Friday, 09 February 2018
Posted by Ben Tosi
Money and love might not go together quite like strawberries and chocolate or wine and cheese, but loved up couples can seriously benefit from tackling their financial demons before they head out for a romantic date this Valentine’s Day.
With that being said, approaching such a touchy subject can be a little awkward, so how do you successfully tackle such a sensitive and often (unnecessarily) stressful topic without offending your significant other?
To answer that question, Mozo reached out to a few financially-savvy experts who dug up some personal finance gold for couples addressing their money matters this Valentine’s Day.
A common yet severely underrated piece of advice for pretty much every aspect of your relationship, keeping communication clear and guilt-free is key to your financial success as a couple, according to personal finance coach at My Debt Epiphany, Choncé Maddox.
“For most couples, communication is the underlying root of money issues in the relationship,” she said. “I'd recommend that couples try to work on improving communication and develop a strategy to solve your money woes as a team.”
Maddox also added that a little empathy goes a long way in your finance communications.
“Try practicing empathy in order to fully understand where the other person is coming from and realise that they've most likely had a different financial background and experiences.”
You know what makes credit card debt discussions that little bit more bearable?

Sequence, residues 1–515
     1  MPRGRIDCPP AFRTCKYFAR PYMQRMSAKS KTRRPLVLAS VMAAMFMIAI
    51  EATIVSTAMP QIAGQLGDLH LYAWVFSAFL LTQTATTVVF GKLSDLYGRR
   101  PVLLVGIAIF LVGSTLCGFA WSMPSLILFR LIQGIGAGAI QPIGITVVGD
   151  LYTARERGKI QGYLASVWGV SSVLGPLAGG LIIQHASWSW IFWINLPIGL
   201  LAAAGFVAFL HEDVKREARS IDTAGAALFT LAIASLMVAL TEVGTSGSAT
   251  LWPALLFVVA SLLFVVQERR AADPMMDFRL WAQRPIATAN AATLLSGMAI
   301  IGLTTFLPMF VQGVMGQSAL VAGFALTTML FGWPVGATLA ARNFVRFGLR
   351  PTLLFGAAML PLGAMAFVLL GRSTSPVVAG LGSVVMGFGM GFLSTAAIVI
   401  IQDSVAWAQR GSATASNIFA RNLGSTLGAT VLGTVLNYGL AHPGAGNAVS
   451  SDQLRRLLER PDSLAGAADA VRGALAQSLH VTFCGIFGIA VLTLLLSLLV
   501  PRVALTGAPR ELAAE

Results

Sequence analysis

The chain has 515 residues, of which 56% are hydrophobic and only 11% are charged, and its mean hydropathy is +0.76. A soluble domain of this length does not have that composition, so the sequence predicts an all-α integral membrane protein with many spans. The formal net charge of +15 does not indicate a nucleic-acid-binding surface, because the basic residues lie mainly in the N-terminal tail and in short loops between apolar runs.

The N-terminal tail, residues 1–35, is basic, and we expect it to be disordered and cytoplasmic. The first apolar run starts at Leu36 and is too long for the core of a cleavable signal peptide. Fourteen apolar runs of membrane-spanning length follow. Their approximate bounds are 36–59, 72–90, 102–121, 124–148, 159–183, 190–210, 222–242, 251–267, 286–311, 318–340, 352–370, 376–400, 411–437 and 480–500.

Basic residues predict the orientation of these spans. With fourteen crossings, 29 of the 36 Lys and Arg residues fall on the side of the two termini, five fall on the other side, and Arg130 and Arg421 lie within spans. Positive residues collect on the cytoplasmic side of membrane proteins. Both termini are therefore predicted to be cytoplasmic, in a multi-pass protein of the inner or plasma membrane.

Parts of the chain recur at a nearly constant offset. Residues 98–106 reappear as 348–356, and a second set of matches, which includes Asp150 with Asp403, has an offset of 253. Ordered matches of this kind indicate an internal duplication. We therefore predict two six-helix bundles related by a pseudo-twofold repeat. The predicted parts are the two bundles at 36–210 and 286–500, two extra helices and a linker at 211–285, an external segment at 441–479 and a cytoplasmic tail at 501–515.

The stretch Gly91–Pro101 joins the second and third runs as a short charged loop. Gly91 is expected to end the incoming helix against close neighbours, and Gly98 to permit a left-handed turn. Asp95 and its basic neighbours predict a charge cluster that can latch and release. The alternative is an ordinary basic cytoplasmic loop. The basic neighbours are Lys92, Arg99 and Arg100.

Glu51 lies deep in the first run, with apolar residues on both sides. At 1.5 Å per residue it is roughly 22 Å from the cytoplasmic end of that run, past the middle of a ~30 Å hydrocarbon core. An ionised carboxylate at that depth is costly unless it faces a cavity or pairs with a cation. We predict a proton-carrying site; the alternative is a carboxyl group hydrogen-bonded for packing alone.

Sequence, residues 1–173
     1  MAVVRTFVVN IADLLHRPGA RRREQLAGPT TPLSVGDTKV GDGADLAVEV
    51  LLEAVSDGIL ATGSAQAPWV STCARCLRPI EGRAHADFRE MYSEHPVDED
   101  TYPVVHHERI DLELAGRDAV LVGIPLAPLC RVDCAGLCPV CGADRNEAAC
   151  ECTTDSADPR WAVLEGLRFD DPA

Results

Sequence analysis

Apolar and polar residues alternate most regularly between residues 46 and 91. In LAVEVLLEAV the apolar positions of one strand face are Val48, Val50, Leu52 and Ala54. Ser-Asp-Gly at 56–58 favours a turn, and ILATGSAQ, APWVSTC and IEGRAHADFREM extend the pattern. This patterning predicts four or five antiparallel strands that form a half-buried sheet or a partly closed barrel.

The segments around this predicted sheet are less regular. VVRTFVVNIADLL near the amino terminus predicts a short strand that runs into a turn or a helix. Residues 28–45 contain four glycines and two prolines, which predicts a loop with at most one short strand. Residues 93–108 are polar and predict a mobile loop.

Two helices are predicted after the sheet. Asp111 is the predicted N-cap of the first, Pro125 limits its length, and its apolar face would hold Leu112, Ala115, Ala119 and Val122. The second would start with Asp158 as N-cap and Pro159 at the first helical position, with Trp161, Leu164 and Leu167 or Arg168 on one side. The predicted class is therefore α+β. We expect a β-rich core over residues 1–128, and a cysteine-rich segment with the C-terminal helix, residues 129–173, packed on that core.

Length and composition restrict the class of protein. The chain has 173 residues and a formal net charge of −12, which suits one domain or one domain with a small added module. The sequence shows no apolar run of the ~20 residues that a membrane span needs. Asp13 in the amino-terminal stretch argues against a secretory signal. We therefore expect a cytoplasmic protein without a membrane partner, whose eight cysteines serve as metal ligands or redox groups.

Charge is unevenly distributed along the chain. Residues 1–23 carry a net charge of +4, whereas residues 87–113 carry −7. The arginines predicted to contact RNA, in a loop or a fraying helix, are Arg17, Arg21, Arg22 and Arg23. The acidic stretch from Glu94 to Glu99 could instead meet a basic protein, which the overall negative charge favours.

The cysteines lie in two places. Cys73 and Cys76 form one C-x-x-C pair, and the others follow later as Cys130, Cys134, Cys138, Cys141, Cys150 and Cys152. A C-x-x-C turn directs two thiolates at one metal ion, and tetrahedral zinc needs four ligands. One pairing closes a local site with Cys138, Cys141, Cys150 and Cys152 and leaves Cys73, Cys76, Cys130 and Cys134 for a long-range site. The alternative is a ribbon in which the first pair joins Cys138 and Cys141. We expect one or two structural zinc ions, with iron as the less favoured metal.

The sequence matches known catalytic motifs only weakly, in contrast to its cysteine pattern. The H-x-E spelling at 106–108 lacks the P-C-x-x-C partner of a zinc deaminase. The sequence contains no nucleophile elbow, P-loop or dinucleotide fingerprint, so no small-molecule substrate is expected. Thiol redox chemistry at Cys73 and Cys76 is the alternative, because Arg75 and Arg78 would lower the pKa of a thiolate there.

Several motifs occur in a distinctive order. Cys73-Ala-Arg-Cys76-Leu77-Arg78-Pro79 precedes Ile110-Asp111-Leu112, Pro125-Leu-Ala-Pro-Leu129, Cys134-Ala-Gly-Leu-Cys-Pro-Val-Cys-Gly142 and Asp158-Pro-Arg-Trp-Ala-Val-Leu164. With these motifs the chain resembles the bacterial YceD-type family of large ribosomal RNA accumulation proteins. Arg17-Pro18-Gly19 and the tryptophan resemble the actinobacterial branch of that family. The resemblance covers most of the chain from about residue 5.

Caramel macchiatos. Yes, that’s right organising a debt date or budget beers can spice up your finance conversation (in the right way). Just make sure you’re not blindsiding your partner with such a touchy subject.
“My husband and I made our first few finance dates fun by bringing my laptop to ice cream shops and coffee shops to discuss our budget and goals,” revealed Maddox.
This sentiment is echoed by Greg Mawer who founded Mawer Money. The idea is simple, he said: make your money discussions a little less monotonous and you might not dread them so much.
“Regular check ins are really important to see how you are tracking. It doesn't have to be a boring exercise. Crack a bottle of wine and have some fun while reviewing your finances!”
After the initial chat and once you’ve built a burly budget, Founder of Family Money Plan, Andrew Daniels believes it is important to exercise a high level of patience with both your partner and your finances.
“Things won’t turnaround overnight, but you can make a lot of progress when both people feel like they are involved in the process,” he said.
Rome wasn’t built in a day, after all!
Whatever you decide to do with your collective coinage, separating at least a small section of your finances for some guilt-free spending can be a great way to defuse any money stress, according to Daniels.
“For example, give each other a set amount every month that you can spend on yourselves without question. Call it play money, allowance or whatever you want,” he recommended.
“This helps keep the budget stay on course while at the same time gives each of you some freedom to spend on things that you want.”
Last, but by no means least, Aussies shouldn’t be ashamed to seek out that little extra bit of advice when it comes to their coupled-up finances. Mawer believes that by leaving your ego at the door and going to see an accountant or financial planner, you could reap serious monetary rewards.
“The last tip would be to seek advice,” he said. “Not everyone is Warren Buffet or David Koch so don't be afraid to ask an accountant or financial planner for help."
But we’re not the only experts around here. Leave us a comment below on how you and your special friend handle your finances along with any tips you can think of!